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[greenyes] Americans break record for beverage containers wasted


CONTAINER RECYCLING INSTUTE
1601 North Kent Street, Suite 803
Arlington, Virginia 2220


News Release Contact: Pat Franklin,
703/276-9800
December 30, 2004 cell
703/304-3546


Americans break record for beverage containers wasted
129 billion bottles and cans trashed in 2004


Washington, DC ? Americans threw away a record number of bottles and cans
according to newly released numbers from the Container Recycling Institute
(CRI). ?The decline in recycling is due to two factors,? said Pat Franklin,
executive director of CRI, ?lack of opportunities and lack of incentives to
recycle.?

?In just one year we?ve dumped a staggering 129 billion beverage containers
in trash cans instead of recycling bins,? said Franklin, ?60% more than in
1990. Those glass, aluminum and plastic containers (411 for every man,
woman and child in America) could have been used to make new cans or
bottles, fleece jackets, carpets and a myriad of other items.?

?Can and bottle waste is on the rise,? said Franklin, ?and there?s a heavy
environmental price tag on all that waste.? According to CRI, the upstream
environmental impacts include energy consumption equivalent to 36 million
barrels of crude oil per year; the annual generation of 4.5 million tons of
greenhouse gasses; the emission of a host of toxics to air and water; and
damage to wildlife habitat. The downstream impacts include: an estimated
125 billion glass, aluminum and plastic containers going to landfills and
incinerators; an estimated 4 billion beverage bottles and cans littering
beaches, parkland and roadsides, streams, lakes, rivers and oceans causing
injury to humans, domestic animals, wildlife and marine life.

?The problem, ironically, is not a lack of markets for the materials,? said
Franklin, but rather a lack of supply. The containers are not getting from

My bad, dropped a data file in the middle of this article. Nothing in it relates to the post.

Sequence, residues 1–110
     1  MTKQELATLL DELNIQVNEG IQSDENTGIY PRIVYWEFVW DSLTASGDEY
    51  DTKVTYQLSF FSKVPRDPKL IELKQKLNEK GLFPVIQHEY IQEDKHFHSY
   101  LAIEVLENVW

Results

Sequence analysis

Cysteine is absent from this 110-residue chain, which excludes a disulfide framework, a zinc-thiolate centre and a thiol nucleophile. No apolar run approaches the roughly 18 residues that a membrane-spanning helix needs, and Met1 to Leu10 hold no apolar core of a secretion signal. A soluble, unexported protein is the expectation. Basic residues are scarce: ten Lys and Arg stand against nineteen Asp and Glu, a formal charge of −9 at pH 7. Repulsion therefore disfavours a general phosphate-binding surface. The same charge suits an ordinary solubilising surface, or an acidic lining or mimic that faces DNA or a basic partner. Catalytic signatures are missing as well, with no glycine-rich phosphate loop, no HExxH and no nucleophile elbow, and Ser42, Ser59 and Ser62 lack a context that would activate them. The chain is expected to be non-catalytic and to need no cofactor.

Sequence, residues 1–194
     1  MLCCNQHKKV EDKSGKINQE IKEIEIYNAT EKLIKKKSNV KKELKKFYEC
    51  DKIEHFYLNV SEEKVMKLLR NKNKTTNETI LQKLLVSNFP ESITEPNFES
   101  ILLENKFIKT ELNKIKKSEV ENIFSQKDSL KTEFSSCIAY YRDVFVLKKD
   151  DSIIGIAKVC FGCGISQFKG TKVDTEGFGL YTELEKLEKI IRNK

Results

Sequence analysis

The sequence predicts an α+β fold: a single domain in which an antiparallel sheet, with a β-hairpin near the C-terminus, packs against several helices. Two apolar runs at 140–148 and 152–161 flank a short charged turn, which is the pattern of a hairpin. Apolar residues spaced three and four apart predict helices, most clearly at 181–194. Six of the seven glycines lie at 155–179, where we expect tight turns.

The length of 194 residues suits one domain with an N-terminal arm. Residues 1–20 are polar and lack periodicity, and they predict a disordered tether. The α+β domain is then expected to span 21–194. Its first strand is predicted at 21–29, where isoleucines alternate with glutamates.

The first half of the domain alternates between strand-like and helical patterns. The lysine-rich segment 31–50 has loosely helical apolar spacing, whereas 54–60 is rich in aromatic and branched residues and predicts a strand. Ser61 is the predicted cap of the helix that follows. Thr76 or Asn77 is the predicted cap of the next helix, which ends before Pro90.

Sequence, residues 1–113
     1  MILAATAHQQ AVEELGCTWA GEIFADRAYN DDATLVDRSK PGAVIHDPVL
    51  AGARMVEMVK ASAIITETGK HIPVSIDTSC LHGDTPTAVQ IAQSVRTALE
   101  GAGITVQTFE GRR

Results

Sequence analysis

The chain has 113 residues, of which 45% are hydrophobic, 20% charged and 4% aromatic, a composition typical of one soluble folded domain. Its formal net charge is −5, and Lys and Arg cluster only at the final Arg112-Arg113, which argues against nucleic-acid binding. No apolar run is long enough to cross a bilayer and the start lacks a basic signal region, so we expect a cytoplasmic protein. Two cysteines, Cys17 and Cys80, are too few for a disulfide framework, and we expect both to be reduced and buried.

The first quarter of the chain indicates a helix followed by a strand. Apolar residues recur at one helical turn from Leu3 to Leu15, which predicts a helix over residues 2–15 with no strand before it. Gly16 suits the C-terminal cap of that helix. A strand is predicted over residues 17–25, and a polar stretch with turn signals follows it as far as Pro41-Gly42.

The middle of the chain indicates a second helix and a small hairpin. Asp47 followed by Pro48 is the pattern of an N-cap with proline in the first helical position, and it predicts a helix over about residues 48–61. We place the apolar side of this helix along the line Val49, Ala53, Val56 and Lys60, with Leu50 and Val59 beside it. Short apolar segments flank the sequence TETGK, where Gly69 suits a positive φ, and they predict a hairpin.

the consumer to the recycling businesses.? She explained that dozens of
companies rely on post-consumer bottles and cans as feedstocks to make new
containers or other products, but they can?t get the containers. ?Some of
those companies may go out of business if they can?t get an adequate supply
of scrap materials,? she said.

?Consumers, who enjoy a moment of refreshment when they drink their packaged
beverage, are for the most part unaware that they are creating an eternity
of waste,? said Franklin. ?Beverage manufacturers reap huge profits from
the sale of one-way, disposable beverage cans and bottles, but don?t want to
take financial responsibility for the waste they create.?

Franklin says the Container Recycling Institute will be looking for partners
in 2005: consumers, businesses, environmental organizations and public
officials, who will work with the institute to reverse the wasting trend.

# # #

The Container Recycling Institute, founded in 1991, is a nonprofit, research
and public education organization, advocating reduction of container and
packaging waste. Additional information on container recycling and deposit
systems can be found on CRI?s website at www.Container-Recycling.org






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